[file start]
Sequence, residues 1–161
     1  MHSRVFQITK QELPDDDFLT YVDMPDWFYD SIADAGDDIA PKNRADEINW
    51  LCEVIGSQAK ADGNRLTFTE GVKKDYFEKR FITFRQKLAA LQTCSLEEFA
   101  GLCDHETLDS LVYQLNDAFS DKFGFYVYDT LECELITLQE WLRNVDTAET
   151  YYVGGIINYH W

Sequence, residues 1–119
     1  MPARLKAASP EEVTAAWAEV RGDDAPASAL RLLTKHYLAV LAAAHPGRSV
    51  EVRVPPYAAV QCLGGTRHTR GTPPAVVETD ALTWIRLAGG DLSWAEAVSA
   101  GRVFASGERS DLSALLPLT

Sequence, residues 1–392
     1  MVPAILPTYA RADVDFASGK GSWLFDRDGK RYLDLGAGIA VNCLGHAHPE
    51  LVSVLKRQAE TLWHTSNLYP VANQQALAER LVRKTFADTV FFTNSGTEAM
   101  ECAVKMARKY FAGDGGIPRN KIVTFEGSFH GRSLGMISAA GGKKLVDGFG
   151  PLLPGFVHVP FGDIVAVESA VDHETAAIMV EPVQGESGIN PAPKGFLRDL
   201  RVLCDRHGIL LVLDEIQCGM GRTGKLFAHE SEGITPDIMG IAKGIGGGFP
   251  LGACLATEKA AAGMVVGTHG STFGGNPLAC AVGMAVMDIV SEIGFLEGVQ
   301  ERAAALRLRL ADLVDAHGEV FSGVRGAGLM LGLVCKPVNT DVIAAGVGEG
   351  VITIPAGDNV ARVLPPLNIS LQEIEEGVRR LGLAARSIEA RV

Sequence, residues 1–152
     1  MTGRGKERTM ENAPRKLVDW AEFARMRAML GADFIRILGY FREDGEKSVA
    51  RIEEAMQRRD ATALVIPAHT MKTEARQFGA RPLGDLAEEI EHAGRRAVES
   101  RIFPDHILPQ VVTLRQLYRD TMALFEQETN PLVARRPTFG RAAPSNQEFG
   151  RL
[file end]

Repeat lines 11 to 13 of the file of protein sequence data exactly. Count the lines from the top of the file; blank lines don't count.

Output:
     1  MVPAILPTYA RADVDFASGK GSWLFDRDGK RYLDLGAGIA VNCLGHAHPE
    51  LVSVLKRQAE TLWHTSNLYP VANQQALAER LVRKTFADTV FFTNSGTEAM
   101  ECAVKMARKY FAGDGGIPRN KIVTFEGSFH GRSLGMISAA GGKKLVDGFG